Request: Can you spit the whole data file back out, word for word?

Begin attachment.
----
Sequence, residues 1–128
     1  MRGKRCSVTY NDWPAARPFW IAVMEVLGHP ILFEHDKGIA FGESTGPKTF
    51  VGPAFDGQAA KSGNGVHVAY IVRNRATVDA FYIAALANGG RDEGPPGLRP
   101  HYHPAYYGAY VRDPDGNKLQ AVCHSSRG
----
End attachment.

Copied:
Sequence, residues 1–128
     1  MRGKRCSVTY NDWPAARPFW IAVMEVLGHP ILFEHDKGIA FGESTGPKTF
    51  VGPAFDGQAA KSGNGVHVAY IVRNRATVDA FYIAALANGG RDEGPPGLRP
   101  HYHPAYYGAY VRDPDGNKLQ AVCHSSRG